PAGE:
I'm talking about hundreds of thousands of visible zones and hundreds of frames, something that the Visualizer's renderer just wasn't expecting.  As an example, the Visualizer had a very small amount of setup work to render each captured frame, maybe half a millisecond of overhead.  This was lost in the noise when rendering two to three frames of data.  With even 100 visible frames that overhead suddenly mattered, capping our frame rate at 20 Hz even without rendering anything!

The actual low level renderer also assumed on the order of a few thousand primitives.  Scaling past that by one or two orders of magnitude made it chug due to per-primitive overhead.

As a stop gap measure we did basic dynamic merging of small zones on the Visualizer, which improved performance dramatically.  Of course, this only encouraged customers to keep pushing the boundaries, so we needed a better long term solution.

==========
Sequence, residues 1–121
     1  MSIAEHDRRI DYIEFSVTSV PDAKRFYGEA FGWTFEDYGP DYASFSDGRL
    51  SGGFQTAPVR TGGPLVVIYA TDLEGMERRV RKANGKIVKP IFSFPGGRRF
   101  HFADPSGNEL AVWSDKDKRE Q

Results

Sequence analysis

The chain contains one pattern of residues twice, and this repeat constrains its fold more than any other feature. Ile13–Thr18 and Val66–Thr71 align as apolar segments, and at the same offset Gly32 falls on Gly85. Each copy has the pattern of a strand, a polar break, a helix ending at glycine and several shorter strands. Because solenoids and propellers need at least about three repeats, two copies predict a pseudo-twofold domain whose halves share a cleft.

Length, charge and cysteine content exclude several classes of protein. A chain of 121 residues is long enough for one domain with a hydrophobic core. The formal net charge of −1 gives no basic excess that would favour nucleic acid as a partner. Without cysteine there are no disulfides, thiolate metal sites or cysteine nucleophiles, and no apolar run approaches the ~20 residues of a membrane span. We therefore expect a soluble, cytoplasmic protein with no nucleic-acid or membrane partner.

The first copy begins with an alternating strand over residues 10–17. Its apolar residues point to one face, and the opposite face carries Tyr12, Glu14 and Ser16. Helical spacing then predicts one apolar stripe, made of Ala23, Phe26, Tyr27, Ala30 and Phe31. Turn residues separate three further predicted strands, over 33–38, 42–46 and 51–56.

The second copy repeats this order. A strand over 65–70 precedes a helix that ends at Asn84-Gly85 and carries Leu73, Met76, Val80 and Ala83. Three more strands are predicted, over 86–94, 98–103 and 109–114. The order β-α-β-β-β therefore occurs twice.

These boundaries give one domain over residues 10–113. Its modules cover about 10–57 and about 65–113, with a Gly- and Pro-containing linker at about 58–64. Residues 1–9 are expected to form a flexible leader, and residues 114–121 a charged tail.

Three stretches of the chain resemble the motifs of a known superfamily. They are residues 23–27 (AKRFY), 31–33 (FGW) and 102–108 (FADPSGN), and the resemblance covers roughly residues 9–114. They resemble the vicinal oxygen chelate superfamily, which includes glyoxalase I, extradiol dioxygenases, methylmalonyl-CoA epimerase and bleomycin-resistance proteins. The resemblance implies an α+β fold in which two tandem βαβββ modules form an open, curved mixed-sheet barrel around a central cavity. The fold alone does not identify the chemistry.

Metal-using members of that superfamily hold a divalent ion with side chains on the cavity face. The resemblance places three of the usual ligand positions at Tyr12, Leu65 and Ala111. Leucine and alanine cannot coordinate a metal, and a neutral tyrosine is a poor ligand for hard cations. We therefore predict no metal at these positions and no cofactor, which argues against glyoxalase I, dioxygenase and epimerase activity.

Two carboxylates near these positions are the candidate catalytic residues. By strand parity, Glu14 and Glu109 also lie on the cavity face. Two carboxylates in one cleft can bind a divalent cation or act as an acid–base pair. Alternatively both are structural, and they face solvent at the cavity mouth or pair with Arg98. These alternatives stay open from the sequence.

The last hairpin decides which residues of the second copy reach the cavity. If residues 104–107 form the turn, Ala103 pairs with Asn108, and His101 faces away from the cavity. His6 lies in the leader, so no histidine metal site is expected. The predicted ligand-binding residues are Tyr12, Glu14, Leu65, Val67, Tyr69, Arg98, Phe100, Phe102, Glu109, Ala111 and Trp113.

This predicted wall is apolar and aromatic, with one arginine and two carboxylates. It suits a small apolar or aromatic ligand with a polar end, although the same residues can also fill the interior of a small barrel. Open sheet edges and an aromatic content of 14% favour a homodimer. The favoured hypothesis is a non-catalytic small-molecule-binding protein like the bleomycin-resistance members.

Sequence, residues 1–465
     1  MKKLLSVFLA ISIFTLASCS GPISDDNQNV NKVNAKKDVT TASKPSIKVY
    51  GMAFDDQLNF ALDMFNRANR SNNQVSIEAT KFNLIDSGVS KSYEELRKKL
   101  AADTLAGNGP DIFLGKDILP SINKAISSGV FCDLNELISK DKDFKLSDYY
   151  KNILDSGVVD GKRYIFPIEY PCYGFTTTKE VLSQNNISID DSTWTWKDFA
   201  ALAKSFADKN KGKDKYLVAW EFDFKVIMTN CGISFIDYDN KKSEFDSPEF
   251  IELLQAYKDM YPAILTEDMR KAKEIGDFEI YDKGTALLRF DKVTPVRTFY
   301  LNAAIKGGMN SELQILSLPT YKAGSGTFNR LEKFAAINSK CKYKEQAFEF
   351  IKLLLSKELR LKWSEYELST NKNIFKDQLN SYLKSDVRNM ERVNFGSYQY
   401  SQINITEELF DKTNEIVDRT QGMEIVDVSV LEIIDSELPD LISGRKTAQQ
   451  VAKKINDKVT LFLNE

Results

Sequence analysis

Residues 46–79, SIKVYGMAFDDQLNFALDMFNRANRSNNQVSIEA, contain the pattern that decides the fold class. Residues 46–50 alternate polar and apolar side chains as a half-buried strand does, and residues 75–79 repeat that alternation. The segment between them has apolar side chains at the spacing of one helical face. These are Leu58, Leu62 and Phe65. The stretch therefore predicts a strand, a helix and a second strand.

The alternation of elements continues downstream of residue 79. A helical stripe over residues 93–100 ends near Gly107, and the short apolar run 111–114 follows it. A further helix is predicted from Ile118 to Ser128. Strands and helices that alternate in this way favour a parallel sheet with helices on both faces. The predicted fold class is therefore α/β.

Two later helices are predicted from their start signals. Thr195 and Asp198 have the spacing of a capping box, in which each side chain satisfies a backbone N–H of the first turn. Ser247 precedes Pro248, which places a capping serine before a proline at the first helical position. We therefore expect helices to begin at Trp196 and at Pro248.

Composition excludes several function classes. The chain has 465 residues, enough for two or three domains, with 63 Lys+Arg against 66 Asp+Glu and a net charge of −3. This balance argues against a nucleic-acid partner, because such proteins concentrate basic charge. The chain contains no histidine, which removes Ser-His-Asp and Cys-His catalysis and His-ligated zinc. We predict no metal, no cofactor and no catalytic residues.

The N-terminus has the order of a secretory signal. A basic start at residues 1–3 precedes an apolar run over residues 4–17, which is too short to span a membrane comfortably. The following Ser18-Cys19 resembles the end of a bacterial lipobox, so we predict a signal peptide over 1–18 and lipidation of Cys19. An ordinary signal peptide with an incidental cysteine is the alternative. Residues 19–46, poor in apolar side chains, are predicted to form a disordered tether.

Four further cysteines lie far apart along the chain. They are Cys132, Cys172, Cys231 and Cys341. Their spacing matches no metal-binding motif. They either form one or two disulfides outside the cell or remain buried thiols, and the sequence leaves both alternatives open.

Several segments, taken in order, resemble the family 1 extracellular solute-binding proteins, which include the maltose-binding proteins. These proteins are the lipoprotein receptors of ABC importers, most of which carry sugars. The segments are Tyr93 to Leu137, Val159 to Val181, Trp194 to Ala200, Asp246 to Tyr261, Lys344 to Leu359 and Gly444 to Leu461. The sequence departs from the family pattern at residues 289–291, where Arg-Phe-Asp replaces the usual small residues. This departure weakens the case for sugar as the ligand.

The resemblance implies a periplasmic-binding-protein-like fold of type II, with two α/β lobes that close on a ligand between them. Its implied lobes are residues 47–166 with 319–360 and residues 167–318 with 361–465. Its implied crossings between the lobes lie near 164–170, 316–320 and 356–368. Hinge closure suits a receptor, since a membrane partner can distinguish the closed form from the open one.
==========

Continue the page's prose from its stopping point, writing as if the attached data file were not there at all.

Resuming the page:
While the client side LOD coalescing fixed rendering speed, it did nothing to address memory usage.  Since the LOD was handled by the Visualizer it was possible to have hundreds of thousands or even millions of zones in memory.  Add in all the other data and now you're looking at memory usage of many gigabytes.  This hurt the small minority of customers still running 32-bit operating systems, but it also impacted our customers trying to wrangle huge data sets (4+ GB).
Telemetry 2 addresses this by making level of detail a first class feature, covering all render types (not just zones).  LOD generation is handled by the server during capture, with a hierarchical LOD system reminiscent of texture MIP maps.  A significant amount of engineering work went into devising this system.  The dynamic range of data captures is massive, allowing users to zoom from clock cycles all the way out to hours.

Hundreds of thousands of zones spanning minutes of time
Zones under one microsecond in length